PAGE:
How to prevent balanitis
Apart from basic hygiene, you can take some other commonsense steps to make yourself less susceptible to balanitis.
First, make an effort to keep the area clean but avoid harsh soaps. Also, prevent moisture from building up and staying around. After working out or swimming, take a shower and change into clean, dry clothes that can allow the area to breathe.
"Prevention includes wearing loose-fitting, breathable underwear and clothes. That helps," Parekh said. "Avoiding scented and antibacterial soaps on the genital area, keeping that area clean, but just using regular soap and warm water, and keeping that area dry afterward [also helps]. You want to use protection to avoid sexually transmitted diseases, and if you're in the pool or hot tub, make sure you get out of those wet clothes as soon as possible."
Prevention extends to more significant lifestyle choices that are an indication of overall health. The interconnectedness of all of our bodily systems means even letting your weight get out of hand or eating too many unhealthy foods can cause something as seemingly unrelated as balanitis.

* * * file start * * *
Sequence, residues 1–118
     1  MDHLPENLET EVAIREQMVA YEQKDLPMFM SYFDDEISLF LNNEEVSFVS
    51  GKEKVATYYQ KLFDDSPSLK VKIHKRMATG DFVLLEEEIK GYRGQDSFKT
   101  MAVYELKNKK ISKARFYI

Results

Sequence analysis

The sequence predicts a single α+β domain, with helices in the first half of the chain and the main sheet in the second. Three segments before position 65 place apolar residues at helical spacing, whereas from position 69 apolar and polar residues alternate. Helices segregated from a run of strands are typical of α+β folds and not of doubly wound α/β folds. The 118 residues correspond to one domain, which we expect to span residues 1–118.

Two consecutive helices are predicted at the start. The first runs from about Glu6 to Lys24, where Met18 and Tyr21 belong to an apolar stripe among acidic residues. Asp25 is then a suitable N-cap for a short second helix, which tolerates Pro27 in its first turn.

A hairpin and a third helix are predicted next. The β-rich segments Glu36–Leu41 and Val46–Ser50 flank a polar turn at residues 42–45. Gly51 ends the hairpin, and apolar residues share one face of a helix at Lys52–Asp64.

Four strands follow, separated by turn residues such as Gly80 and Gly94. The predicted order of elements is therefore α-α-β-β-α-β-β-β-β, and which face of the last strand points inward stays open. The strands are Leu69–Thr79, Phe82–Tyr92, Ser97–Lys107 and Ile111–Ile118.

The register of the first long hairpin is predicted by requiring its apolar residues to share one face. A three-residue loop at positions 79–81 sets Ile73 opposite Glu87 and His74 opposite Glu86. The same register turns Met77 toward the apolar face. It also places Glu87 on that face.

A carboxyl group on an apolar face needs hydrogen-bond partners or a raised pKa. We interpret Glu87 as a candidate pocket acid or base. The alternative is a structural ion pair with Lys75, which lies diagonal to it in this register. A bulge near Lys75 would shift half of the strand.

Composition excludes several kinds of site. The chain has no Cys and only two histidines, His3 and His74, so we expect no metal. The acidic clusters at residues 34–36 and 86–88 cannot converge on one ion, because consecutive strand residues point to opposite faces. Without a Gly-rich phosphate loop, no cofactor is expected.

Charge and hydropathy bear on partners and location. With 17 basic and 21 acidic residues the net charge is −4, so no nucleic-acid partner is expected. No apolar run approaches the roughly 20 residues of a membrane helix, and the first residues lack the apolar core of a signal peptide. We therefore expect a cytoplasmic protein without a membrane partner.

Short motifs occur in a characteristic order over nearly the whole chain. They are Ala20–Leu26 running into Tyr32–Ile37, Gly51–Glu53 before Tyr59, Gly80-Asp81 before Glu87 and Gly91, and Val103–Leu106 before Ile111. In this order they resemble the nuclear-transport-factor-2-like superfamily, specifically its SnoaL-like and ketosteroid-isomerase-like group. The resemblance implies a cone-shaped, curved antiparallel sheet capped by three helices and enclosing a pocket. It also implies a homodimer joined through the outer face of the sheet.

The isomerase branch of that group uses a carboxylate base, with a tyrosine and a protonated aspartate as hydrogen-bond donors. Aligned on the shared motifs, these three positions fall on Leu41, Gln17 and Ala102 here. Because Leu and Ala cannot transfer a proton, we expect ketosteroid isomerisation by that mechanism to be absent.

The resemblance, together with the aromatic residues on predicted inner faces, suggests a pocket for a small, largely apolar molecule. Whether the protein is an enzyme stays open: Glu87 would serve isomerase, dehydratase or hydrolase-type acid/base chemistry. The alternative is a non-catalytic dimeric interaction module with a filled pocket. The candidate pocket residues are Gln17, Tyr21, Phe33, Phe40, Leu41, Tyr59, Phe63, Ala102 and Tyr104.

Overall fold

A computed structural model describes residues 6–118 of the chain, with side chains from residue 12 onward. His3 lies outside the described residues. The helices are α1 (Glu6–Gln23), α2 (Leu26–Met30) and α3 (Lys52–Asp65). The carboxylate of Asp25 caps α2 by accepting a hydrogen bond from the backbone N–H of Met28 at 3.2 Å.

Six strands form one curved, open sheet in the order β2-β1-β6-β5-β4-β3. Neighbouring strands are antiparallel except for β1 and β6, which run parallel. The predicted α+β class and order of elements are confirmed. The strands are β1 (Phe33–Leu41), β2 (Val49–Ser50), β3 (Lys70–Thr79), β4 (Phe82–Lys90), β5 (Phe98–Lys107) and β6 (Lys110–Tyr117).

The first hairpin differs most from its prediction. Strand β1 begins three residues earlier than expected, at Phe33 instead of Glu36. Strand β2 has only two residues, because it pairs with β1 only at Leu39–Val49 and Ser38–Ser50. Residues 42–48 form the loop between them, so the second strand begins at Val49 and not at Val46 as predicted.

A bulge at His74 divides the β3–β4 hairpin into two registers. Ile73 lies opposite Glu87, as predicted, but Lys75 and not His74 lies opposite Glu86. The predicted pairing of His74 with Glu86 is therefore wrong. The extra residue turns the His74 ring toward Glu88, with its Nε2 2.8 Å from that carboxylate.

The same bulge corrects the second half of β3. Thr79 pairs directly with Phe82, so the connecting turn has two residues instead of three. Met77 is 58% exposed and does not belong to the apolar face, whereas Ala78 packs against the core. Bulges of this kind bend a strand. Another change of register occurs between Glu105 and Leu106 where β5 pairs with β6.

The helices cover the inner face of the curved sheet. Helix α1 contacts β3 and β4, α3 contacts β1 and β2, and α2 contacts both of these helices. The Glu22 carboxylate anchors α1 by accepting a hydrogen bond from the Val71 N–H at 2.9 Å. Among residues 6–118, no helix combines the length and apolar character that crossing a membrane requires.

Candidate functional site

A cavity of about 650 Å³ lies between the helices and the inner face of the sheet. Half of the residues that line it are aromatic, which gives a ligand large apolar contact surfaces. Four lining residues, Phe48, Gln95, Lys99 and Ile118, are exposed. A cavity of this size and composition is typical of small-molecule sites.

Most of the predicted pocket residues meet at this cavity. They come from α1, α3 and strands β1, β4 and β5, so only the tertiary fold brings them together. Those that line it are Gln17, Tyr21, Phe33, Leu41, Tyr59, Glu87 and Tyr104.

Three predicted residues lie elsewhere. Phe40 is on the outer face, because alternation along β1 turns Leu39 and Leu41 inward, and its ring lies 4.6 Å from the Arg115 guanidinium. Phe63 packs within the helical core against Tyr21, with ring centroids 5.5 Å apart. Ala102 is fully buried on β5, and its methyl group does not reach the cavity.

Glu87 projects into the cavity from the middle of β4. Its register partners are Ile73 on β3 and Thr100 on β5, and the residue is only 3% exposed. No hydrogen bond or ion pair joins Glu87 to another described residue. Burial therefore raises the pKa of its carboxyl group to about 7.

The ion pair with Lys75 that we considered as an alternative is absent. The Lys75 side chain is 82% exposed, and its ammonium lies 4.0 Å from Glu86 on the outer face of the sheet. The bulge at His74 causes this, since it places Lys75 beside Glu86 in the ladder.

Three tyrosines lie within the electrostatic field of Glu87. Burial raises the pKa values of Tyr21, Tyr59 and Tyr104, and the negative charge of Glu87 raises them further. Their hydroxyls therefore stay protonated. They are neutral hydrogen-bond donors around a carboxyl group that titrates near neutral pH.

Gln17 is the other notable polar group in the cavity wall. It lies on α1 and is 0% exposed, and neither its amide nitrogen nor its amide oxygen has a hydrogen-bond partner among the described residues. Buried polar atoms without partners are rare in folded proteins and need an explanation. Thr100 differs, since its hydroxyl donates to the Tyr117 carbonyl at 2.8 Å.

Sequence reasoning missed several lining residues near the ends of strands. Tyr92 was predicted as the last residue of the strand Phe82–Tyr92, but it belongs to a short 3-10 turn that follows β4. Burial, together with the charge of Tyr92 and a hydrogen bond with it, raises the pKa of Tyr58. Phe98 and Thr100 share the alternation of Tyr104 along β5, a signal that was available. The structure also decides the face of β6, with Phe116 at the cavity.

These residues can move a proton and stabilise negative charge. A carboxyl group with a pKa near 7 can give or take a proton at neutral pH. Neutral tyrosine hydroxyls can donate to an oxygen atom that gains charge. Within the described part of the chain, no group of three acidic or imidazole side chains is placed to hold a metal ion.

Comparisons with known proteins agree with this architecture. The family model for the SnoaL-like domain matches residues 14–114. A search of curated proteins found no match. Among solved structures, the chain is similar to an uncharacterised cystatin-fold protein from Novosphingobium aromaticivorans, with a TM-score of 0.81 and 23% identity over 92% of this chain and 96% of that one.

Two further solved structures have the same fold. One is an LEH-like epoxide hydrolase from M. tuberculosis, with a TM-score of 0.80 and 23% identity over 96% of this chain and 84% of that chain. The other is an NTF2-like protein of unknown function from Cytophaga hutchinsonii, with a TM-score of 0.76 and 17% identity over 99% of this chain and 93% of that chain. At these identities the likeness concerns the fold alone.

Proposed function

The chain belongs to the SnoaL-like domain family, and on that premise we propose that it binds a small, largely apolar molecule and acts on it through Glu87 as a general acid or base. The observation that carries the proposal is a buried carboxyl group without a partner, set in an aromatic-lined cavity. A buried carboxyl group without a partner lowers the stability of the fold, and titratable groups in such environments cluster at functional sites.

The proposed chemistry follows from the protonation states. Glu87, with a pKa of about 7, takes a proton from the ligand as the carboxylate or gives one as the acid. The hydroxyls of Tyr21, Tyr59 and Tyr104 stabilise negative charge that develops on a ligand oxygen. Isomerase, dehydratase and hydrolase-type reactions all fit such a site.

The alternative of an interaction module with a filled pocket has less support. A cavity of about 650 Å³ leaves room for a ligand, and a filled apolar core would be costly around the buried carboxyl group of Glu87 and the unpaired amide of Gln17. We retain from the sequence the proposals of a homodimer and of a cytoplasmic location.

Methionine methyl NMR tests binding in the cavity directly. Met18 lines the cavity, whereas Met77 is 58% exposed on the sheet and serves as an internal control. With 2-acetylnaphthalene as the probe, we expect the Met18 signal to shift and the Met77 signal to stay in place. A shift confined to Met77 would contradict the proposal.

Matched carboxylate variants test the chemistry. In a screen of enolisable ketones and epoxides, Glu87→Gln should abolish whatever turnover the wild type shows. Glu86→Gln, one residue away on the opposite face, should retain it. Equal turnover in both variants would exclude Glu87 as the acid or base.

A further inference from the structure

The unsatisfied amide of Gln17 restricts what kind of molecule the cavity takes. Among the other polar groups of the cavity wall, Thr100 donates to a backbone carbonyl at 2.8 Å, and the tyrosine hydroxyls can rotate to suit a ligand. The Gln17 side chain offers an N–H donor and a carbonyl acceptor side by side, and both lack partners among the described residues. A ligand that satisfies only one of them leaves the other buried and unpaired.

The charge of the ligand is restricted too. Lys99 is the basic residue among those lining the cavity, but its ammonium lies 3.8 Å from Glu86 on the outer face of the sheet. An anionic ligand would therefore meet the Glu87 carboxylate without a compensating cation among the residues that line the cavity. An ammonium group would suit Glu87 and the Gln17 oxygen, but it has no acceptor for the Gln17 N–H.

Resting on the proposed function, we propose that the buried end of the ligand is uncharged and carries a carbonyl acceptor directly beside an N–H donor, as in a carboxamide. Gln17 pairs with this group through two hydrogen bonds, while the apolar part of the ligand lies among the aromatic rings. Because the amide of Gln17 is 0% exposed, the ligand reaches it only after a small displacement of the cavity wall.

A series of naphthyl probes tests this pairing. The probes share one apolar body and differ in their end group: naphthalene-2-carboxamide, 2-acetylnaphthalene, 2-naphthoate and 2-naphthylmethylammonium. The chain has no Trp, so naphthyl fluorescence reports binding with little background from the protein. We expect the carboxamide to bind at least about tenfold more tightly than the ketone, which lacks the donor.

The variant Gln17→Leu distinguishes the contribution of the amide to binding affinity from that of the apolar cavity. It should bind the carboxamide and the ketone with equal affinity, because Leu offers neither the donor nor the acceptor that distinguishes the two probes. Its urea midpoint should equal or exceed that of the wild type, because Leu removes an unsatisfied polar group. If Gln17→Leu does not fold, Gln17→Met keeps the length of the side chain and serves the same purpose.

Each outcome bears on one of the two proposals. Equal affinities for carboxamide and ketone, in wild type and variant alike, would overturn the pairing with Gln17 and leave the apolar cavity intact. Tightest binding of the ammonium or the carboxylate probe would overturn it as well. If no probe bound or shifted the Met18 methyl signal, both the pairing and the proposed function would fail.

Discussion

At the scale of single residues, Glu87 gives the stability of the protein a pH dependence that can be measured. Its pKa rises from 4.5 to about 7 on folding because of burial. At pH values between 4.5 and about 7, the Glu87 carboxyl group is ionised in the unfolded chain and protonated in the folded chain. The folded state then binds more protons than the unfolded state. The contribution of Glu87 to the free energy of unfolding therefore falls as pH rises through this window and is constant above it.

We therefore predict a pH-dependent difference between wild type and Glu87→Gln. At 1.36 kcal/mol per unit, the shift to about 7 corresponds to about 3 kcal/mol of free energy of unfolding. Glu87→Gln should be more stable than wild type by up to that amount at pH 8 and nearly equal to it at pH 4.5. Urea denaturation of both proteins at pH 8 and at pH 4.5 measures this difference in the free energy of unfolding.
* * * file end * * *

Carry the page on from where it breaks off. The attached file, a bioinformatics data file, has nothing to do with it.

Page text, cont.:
"A healthy diet is really important, too, and keeping your blood sugar under control," Parekh said. "When sugars get too high, sugar is like food for the bacteria. That allows the infection to continue."
Balanitis is one common condition that's relatively easy to prevent. Teaching boys how to properly clean and take care of their genitals can prevent a lot of irritation—and worse outcomes—in the future.
If you're having any signs or symptoms that something might be wrong with your penis, it's better to see a doctor to be safe. Many physicians now offer video visits, which are an excellent way to see a doctor quickly since a lot of them have same-day appointments. Giddy telehealth is an easy-to-use online portal that provides access to hundreds of healthcare professionals whose expertise covers the full scope of medical care, including penis and testicle health.